What can I do to stay clear of Corona?
How can I not draw too near to Corona?
Praying that someday we’ll all meet again
And not lose the ones we hold dear to Corona.
My beloved Aunt Ida, one-hundred years old,
Is swiftly swept into the sphere of Corona.
Hearing the news from the White House, I weep
As that madman continues to sneer at Corona.
I open my front door, then step back inside
Unable to conquer my fear of Corona.
The nurses, the doctors, the grocery clerks,
So grateful for each pioneer of Corona.
Mouths hidden by masks below eyes full of fear,
Such is the new atmosphere of Corona.
We greeted each other with kisses and hugs,
That was before the premiere of Corona.
A friend becomes ill, though she’s hardly left home,
You think you’re immune? is the jeer of Corona.
Look Ma, No Mask, reads a protestor’s sign,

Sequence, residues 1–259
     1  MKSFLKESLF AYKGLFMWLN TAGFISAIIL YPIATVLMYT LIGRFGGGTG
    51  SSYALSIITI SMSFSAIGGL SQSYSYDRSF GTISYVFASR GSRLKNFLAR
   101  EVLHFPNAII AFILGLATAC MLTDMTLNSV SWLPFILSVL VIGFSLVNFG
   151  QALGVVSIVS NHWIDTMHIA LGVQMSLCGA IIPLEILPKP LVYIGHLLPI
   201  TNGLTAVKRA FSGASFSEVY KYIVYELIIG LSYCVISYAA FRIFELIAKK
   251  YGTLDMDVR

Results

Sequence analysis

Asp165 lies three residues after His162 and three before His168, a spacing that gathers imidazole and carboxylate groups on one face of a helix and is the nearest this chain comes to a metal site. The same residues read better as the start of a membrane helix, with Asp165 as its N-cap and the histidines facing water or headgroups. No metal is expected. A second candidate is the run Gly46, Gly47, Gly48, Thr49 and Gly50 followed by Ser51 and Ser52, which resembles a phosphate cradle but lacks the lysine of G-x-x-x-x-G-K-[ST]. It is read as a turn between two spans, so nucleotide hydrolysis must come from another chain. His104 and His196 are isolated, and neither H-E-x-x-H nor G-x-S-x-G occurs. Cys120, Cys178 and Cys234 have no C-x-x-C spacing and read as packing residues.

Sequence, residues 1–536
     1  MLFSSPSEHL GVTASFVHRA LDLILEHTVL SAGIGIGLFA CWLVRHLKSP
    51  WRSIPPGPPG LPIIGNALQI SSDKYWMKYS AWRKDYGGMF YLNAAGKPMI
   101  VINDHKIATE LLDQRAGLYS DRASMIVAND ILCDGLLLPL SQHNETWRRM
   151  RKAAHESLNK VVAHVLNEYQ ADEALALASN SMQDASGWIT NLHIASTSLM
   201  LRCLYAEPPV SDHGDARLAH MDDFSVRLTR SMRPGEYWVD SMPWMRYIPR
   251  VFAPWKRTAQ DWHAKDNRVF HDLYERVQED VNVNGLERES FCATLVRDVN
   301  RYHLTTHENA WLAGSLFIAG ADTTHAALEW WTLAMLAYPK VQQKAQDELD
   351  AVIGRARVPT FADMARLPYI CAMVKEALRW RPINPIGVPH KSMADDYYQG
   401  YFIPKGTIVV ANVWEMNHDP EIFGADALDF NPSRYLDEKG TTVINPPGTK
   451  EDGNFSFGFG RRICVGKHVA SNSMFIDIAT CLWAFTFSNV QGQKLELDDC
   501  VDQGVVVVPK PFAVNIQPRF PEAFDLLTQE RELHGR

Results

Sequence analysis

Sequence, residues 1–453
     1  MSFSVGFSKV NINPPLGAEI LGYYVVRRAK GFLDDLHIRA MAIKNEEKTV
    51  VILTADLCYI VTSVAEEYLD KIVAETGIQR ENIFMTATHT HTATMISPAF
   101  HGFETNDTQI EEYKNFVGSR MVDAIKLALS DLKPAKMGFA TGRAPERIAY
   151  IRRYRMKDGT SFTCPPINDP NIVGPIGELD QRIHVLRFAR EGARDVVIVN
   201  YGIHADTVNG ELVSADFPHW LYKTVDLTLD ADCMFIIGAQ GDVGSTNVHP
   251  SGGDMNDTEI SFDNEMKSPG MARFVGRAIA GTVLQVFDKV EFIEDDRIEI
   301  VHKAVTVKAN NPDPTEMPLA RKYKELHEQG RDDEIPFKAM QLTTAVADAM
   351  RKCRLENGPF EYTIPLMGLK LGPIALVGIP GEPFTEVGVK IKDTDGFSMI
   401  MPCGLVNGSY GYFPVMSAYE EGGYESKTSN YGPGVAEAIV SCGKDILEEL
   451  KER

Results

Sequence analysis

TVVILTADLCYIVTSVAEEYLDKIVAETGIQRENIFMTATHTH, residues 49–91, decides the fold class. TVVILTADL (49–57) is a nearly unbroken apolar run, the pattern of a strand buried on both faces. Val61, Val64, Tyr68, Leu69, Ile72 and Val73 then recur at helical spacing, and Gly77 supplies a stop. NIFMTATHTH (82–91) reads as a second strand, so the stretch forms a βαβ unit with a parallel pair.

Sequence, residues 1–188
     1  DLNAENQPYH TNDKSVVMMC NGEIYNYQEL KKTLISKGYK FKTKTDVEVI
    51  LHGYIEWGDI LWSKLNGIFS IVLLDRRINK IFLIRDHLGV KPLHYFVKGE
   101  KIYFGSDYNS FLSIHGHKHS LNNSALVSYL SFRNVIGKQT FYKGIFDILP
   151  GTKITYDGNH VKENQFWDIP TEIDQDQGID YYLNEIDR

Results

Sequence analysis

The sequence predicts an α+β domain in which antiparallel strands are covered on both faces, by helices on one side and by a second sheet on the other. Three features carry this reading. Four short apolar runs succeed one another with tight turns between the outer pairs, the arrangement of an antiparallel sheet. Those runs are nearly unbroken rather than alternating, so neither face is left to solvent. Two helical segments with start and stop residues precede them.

Refusing to put on the gear of Corona.
A patient feels better, the next day he’s dead,
Pierced through the heart by the spear of Corona.
Weeks after she’s well, she is still short of breath,
Her inhaler a sad souvenir of Corona.
The numbers increase, thousands dying each day,
“You can’t stop my brilliant career,” says Corona.
I dreamed that a postcard of hospital beds
arrived saying, Wish you were here. Love, Corona.
The government’s attitude, wealth over health
Is revealed by the bright chandelier of Corona.
“Go on! Have a party! I’ll crash it for fun!”
Who’s that whispering into my ear? It’s Corona.
She canceled her wedding because she was scared
That one of her guests might appear with Corona.
He thought it was safe to go out to a bar
Then found himself sharing a beer with Corona.
I try to stay calm but this question looms large:
Will my home be the final frontier of Corona?
Dearest Lesléa, I’m thinking of you.
Don’t worry, I won’t disappear. Hugs, Corona.
Image: “Chandelier” by Derren Hodson, licensed under CC 2.0.
- Ghazal in the Year of Corona - August 2, 2020